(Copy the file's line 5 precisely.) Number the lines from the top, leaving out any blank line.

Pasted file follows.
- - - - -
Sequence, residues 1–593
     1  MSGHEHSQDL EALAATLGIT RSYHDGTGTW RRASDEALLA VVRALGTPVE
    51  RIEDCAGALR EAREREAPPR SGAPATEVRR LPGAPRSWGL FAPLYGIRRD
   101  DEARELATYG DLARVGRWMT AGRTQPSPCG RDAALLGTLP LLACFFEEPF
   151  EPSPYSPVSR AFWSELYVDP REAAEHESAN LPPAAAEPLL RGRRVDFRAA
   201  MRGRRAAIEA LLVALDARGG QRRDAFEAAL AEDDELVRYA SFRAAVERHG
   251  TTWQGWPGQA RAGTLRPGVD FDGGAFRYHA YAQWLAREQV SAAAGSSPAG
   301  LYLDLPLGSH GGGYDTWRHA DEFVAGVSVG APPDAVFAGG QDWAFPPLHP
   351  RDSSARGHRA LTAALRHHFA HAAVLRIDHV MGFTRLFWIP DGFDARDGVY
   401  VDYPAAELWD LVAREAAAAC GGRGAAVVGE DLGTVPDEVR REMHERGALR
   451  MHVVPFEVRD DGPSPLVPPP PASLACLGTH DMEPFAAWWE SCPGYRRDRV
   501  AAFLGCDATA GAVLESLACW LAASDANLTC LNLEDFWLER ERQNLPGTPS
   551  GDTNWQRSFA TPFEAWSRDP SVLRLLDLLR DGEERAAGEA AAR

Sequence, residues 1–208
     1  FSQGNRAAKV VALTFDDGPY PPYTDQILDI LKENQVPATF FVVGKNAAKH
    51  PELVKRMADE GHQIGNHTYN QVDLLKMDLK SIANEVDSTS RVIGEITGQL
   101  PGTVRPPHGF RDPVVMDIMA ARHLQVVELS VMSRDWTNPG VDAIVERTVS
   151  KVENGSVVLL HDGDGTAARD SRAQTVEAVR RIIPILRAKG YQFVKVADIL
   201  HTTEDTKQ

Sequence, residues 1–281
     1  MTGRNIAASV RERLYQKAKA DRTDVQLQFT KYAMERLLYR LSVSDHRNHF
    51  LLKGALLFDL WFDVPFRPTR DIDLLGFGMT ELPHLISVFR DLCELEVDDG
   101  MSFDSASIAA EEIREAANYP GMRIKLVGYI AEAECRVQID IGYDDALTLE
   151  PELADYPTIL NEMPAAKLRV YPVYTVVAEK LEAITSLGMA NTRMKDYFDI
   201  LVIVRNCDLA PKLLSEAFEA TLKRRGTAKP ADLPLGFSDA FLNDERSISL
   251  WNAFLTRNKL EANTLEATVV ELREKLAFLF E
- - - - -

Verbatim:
   151  EPSPYSPVSR AFWSELYVDP REAAEHESAN LPPAAAEPLL RGRRVDFRAA